And finally, we need to address the fact that child care providers are seriously underpaid. Today, child care workers earn an average of just $12 an hour. Child care providers are some of our nation's most important early teachers, but our nation has undervalued the work they do for far too long. 95% of child care providers are women, and they are disproportionately women of color. Ensuring that child care jobs are good jobs with fair pay and benefits, and that jobs that will support families while doing this essential work will permit child care workers to stay in the field, to build up expertise, and to improve the care they offer to our children.

For generations, we have told parents that when it comes to finding quality, affordable child care, they're on their own. That's bad for parents, bad for babies, and bad for child care workers. There's a reason that child care was front and center in President Biden's American Families Plan. This is critical infrastructure that makes all other work possible. I'm very concerned about the bipartisan framework released last week that didn't include a word - not one word - about child care. An infrastructure plan that doesn't include child care does not address the actual challenges facing families in Massachusetts or anywhere else around the country. Now is not the time to abandon what President Biden has proposed. Now is the time to expand it.

I'm fighting for a $700 billion federal investment to make sure that every single family who needs it can find safe, affordable child care. That's good for parents, it's good for children, it's good for providers, and it's good for our whole economy.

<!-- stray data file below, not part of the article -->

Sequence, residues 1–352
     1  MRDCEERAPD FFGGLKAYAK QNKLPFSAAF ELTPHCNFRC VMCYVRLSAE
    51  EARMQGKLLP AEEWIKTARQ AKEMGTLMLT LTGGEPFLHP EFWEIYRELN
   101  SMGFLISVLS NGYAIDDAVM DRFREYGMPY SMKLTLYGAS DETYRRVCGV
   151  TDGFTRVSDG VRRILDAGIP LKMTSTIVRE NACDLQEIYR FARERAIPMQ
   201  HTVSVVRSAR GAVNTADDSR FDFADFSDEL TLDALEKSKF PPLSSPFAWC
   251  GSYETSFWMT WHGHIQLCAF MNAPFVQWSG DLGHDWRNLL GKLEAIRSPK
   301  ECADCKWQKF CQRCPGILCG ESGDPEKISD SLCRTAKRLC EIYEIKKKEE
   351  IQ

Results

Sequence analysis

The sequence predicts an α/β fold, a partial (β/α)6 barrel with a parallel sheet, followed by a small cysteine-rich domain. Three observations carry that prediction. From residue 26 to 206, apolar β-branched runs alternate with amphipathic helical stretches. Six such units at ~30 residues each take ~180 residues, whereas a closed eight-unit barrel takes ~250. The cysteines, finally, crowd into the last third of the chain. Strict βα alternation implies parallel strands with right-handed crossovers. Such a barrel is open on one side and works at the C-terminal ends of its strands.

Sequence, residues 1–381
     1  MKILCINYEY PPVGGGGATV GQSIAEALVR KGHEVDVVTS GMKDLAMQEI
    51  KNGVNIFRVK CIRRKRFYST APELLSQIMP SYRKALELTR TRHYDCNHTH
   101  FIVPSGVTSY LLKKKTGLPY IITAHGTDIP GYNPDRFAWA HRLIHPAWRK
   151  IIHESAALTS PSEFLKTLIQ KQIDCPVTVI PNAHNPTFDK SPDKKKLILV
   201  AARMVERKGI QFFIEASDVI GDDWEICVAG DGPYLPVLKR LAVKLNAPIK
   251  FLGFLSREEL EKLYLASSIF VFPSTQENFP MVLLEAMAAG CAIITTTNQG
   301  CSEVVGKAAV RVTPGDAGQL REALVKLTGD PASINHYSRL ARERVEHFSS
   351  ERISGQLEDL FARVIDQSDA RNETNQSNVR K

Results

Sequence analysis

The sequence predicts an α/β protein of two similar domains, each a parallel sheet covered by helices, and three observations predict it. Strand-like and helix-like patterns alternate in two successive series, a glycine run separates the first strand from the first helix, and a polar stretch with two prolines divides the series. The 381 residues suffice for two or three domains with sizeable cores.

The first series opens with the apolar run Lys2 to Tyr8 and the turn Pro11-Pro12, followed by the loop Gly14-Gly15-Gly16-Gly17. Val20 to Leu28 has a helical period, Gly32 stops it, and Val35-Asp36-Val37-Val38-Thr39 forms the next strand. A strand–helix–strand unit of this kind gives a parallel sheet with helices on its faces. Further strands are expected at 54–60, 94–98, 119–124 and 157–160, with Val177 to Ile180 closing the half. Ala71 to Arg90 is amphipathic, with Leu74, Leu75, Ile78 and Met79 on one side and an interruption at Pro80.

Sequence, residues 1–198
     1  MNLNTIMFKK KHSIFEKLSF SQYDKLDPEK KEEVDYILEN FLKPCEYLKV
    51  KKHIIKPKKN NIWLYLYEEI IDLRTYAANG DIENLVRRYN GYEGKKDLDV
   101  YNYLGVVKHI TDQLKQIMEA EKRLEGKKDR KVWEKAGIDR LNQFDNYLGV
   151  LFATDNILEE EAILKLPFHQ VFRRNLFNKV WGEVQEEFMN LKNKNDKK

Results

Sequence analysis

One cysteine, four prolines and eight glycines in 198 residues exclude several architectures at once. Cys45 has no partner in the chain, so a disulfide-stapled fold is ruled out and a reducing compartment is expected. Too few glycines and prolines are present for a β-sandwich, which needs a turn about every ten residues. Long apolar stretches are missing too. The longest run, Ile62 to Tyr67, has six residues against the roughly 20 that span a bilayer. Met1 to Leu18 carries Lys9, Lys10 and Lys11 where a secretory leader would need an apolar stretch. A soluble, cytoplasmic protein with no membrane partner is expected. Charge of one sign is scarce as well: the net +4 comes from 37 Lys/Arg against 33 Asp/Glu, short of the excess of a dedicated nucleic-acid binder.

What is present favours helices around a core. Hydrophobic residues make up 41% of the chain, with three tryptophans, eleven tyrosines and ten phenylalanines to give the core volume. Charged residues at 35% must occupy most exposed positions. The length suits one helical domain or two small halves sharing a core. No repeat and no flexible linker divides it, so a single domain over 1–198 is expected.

So that's why we're here today - to understand the problem and to figure out how to address the challenges facing families and build a stronger economy that works for all of us.

Our first witness, Fatima Goss Graves is the President and CEO of the National Women's Law Center, where she has spent her career fighting to advance opportunities for women and girls. 

Next, we'll hear from Dr. Betsey Stevenson, a professor of public policy and economics at the University of Michigan. Dr. Stevenson has served on the Council of Economic Advisors as an advisor on social policy and labor market issues and as chief economist at the Department of Labor. 

We're lucky to be joined today by Bernadette Ngoh, a founder of Trusted Care, a family child care program in West Haven, Connecticut. As a family child care provider, Ms. Ngoh operates her program 24 hours a day - think about that - and is committed to quality, equity, accessibility, and community support. 

After Ms. Ngoh, we'll hear from Abby M. McCloskey, the founder and principal of McCloskey Policy LLC, a research and consulting firm serving business and political leaders across the country. 

And finally, we are joined by Rachel Greszler, a research fellow at the Heritage Foundation, whose work focuses on retirement and labor policies, as well as workplace and family issues. 

The pandemic has exposed the challenges that have faced working families and child care providers for decades. We have an historic opportunity right now to make sure that every family that needs it can find and afford child care, and that every child care provider earns a living wage with good benefits. 

So I want to thank all our witnesses for joining us today. I look forward to hearing your testimony.